|Trail Features:||Panoramic Views, Lake, Flowers, Fall Apens|
|Trail Location:||Lumpy Ridge Trailhead|
|Roundtrip Length:||3.5 Miles|
|Trailhead Elevation:||7870 Feet|
|Total Elevation Gain:||1000 Feet|
|Avg. Elev Gain / Mile:||571 Feet|
|Highest Elevation:||8860 Feet|
|Trail Difficulty Rating:||5.50 (moderate)|
|Parking Lot Latitude||40.39655|
|Parking Lot Longitude||-105.51319|
Prior to 2007 there were two trailheads that hikers used to access trails in the Lumpy Ridge Area. However, in May of 2007, both the Gem Lake and Twin Owls Trailheads were relocated, and then combined into the Lumpy Ridge Trailhead. To reach the new trailhead from the intersection of Wonderview Avenue (34 Bypass Road) and MacGregor Avenue, turn to travel northbound on MacGregor Avenue. The Lumpy Ridge Trailhead will be on your left after driving 1.2 miles. You may want to note that MacGregor Avenue makes a sharp right turn, at which point it turns into Devils Gulch Road, just before reaching the trailhead access road.
At the trailhead are two trails leading from the parking area. The Gem Lake Trail leads to the right, and begins ascending the southeastern portions of Lumpy Ridge, a massive granite rock outcropping that's been sculpted by wind and erosion over the last 1.8 billion years. This segment of the trail, all the way up to Gem Lake, was added to the National Register of Historic Places in 2008.
The first half-mile of the Gem Lake Trail travels through a narrow, boulder-strewn canyon. This stretch also passes through the northeastern corner of the historic MacGregor Ranch. Alexander and Clara MacGregor originally established their 160-acre homestead here in 1873. Through the years it would grow to become a 1240-acre ranch. However, when one of their descendants died in 1970, park officials became concerned that the land might be sold for subdivisions or condominiums. In 1983 the park purchased a conservation easement covering 1221 acres of the ranch, which permanently maintains the undeveloped attributes of the property. While much of the ranch is located within the authorized boundary of the park, it still remains private property. Today the property is operated as a working ranch, youth education center, historic site and a public museum.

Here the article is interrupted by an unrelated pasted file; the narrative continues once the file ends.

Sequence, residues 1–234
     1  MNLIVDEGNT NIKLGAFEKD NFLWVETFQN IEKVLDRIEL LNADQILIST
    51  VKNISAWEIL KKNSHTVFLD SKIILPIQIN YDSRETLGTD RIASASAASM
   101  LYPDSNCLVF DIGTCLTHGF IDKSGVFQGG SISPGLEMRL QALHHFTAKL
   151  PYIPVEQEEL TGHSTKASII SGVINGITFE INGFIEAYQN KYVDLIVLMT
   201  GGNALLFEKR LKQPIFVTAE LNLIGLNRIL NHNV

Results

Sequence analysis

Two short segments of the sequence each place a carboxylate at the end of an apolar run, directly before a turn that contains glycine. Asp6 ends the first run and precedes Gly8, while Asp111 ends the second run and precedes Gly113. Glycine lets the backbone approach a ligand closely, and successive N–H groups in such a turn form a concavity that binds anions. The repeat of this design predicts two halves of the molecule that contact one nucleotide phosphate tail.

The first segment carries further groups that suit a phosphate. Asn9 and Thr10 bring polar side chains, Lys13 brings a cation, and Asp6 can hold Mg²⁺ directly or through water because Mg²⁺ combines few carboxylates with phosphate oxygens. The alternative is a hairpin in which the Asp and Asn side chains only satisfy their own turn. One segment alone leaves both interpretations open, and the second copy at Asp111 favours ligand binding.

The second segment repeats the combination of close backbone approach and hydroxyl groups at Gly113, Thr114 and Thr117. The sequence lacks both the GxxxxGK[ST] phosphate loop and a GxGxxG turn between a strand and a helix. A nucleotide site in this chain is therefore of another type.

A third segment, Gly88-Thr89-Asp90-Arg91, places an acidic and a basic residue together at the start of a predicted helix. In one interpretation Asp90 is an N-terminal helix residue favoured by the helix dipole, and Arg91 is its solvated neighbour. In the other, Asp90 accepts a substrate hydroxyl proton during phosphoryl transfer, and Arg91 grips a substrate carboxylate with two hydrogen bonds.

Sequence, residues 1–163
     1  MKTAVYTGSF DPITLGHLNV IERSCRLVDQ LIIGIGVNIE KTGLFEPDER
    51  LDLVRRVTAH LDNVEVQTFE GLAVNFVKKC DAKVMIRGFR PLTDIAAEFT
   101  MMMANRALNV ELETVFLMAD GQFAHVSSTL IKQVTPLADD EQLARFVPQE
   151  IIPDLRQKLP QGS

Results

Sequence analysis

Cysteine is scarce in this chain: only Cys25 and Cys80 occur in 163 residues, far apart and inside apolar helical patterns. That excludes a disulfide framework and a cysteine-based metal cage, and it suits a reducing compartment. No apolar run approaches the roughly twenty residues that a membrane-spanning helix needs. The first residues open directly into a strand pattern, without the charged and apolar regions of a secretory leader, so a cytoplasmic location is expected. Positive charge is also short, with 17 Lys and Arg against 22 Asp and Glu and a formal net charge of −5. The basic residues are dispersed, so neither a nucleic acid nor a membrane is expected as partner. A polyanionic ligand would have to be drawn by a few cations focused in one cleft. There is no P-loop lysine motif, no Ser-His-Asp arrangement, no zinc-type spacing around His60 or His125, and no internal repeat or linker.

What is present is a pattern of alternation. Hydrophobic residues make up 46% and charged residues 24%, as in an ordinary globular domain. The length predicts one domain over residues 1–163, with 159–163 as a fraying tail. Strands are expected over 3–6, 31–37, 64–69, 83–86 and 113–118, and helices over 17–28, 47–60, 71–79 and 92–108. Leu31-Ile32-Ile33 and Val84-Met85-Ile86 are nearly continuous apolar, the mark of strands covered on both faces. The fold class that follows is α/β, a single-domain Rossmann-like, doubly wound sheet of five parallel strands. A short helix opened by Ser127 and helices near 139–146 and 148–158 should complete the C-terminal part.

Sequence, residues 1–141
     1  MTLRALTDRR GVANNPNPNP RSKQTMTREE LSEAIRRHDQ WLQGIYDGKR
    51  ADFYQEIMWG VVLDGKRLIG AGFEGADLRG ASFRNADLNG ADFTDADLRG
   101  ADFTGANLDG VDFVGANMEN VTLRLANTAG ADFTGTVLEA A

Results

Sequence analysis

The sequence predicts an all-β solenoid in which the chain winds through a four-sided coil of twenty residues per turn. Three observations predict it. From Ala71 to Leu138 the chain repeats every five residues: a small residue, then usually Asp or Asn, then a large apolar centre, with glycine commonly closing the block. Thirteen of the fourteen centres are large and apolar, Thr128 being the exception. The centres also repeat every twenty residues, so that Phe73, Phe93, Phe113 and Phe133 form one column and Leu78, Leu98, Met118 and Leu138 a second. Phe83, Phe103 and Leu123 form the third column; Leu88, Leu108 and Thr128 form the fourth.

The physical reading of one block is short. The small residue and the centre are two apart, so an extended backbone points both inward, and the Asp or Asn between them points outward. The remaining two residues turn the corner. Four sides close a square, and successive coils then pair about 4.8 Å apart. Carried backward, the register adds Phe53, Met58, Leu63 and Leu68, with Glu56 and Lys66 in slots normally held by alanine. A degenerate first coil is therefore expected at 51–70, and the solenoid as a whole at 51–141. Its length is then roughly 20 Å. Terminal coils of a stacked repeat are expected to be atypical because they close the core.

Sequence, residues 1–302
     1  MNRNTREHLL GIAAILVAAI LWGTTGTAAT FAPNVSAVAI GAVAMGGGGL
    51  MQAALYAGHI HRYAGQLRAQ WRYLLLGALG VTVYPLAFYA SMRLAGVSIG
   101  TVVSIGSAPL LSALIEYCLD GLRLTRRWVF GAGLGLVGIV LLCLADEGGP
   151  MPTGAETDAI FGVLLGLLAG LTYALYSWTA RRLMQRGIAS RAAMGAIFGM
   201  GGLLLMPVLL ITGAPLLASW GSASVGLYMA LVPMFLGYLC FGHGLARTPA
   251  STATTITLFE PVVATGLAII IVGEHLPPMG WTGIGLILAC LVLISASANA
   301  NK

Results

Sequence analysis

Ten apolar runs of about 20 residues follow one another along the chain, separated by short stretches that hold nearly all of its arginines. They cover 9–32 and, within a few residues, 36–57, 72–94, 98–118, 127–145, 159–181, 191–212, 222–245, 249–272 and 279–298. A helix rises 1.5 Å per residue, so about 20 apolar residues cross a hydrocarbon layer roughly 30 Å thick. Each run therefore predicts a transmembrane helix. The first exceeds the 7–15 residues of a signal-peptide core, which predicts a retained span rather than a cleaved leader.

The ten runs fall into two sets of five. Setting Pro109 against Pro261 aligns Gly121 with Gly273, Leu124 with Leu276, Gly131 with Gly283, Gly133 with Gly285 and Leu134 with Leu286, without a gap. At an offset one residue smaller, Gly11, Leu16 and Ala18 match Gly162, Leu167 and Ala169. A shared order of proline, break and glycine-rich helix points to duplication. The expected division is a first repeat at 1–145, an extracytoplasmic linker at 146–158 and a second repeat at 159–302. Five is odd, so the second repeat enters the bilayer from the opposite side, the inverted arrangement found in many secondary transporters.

At roughly one-half mile from the trailhead hikers will reach the Black Canyon Trail junction, which branches off towards the left. To continue on towards Gem Lake hikers should veer to the right here.
There are many aspens along this section of the trail, making this a great option for a fall hike.
As the trail ascends you'll pass several points that offer outstanding views of Estes Park, Longs Peak and the surrounding mountains. You'll also pass through several areas with huge boulders, as well as some very interesting rock formations. At roughly 1.4 miles you'll reach Paul Bunyan's Boot, perhaps the most interesting rock formation of them all.
Just prior to reaching the boot the trail ascends over a series of small, short switchbacks, that almost gives you the impression of walking up a spiral staircase.
The climb up to the lake is quite steep, and has quite a few rock steps built into the cliff face to help hikers ascend more safely. Many of the steps are one or two feet in height, which will make progress a little slow for some people.
Just before reaching Gem Lake, near the top of the climb, you'll have some absolutely spectacular views of Estes Park, Mt. Meeker, Longs Peak, and the mountains along the Continental Divide.
At roughly 1.75 miles hikers will finally reach Gem Lake, one of the more popular destinations in Rocky Mountain National Park. The lake has the fairly unique distinction of having neither an inlet or outlet stream. Instead, the lake is formed by trapped snowmelt and rainwater that collects in a basin carved out of the base of the granite cliff walls that surround the lake.
While at the lake we were very fortunate to have struck up a conversation with a photographer who pointed out that he was there to take photos of a rare wildflower known as Telesonix jamesii. This beautiful pink flower (see photo above) grows in the crevices of the granite walls that surround Gem Lake, as well as a few other places in the Rocky Mountains. The occurrence of this rare wildflower was one the reasons for the relocation of the original Gem Lake and Twin Owls Trailheads.